The name of this blog, Rainbow Juice, is intentional.
The rainbow signifies unity from diversity. It is holistic. The arch suggests the idea of looking at the over-arching concepts: the big picture. To create a rainbow requires air, fire (the sun) and water (raindrops) and us to see it from the earth.
Juice suggests an extract; hence rainbow juice is extracting the elements from the rainbow, translating them and making them accessible to us. Juice also refreshes us and here it symbolises our nutritional quest for understanding, compassion and enlightenment.

Tuesday 31 October 2017

Let's Try Something Different

How long have we been giving away our decision-making power?  How long have we thought that others have more ability to make decisions?  How long have we negated out own expertise?

In the western world we have been doing all this for centuries.  Over one thousand years ago feudalism in Europe began to impose its rule over common folk.  Feudalism morphed into the system of royalty – the supposed “divine right” of kings and queens to rule.  Under these systems, the power of common folk to make their own decisions was wrested from them, often brutally.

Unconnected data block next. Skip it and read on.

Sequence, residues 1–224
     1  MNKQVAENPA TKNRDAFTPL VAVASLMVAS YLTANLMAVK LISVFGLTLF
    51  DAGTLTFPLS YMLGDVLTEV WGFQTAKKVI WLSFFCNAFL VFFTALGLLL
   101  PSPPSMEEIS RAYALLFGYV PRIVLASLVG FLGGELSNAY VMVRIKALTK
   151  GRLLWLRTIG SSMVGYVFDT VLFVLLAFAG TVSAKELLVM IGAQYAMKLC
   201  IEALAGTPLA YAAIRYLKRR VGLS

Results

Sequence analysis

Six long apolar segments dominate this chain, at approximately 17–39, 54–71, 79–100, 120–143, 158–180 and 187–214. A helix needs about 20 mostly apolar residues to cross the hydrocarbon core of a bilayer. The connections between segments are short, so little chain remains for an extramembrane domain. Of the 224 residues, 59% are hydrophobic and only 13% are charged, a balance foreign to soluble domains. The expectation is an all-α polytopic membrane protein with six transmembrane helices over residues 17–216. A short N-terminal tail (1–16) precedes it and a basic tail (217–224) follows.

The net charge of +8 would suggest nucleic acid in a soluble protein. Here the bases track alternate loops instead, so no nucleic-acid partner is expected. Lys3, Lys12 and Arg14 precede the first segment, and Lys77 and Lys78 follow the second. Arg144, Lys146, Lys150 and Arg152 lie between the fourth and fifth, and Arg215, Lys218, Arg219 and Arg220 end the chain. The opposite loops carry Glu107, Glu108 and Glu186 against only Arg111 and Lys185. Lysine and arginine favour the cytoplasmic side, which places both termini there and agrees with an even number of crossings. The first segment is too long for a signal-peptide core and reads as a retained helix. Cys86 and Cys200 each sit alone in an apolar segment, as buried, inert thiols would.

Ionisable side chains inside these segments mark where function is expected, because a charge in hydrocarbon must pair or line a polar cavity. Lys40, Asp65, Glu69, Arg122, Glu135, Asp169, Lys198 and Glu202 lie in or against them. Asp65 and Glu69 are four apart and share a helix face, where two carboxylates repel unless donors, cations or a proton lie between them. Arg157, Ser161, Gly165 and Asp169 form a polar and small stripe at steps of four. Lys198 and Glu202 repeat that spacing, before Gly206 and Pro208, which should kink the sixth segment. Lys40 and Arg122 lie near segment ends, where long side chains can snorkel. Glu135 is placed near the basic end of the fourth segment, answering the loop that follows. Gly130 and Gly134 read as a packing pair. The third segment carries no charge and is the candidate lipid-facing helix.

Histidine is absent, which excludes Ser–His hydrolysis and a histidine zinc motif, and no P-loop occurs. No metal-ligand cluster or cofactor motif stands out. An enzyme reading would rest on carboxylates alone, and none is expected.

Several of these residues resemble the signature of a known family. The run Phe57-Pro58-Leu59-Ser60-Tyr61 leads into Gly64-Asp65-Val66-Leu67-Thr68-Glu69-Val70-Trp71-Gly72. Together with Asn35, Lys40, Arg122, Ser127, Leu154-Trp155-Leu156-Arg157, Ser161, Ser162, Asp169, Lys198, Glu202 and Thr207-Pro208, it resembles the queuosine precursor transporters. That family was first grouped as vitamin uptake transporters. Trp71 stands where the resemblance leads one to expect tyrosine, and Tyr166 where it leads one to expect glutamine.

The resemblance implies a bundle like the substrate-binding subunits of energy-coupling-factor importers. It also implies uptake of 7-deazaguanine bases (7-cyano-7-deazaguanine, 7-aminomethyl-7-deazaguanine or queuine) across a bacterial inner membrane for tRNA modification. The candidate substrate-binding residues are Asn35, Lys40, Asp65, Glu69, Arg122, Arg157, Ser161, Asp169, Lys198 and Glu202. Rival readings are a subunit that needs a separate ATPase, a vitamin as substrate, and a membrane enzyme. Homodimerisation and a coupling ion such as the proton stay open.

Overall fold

Around 2,500 years ago, in the bottom right hand corner of Europe, a different form of public decision-making was being tried out.  Athens and other Greek city states created the world’s first democracies – literally rule of the people.  The Roman Empire saw democracy being tested and eventually done away with.

The Middle Ages saw some small pockets of democratic experimentation.  In 1215 the Magna Carta Libertatum (Latin for Great Charter of the Liberties) paved the way for the establishment of the English parliament.  Democracy was given another go.

Following the American Revolution the United States Constitution of 1787 provided for an elected government.  Two years later, Revolutionary France adopted the Declaration of the Rights of Man and Citizens, and set up the short-lived National Convention.

Modern democracy has evolved from these various experiments into the representative democracy that many of us know today.  Representative democracy owes many of its features to Athenian democracy, although, arguably, more to the Roman Republic.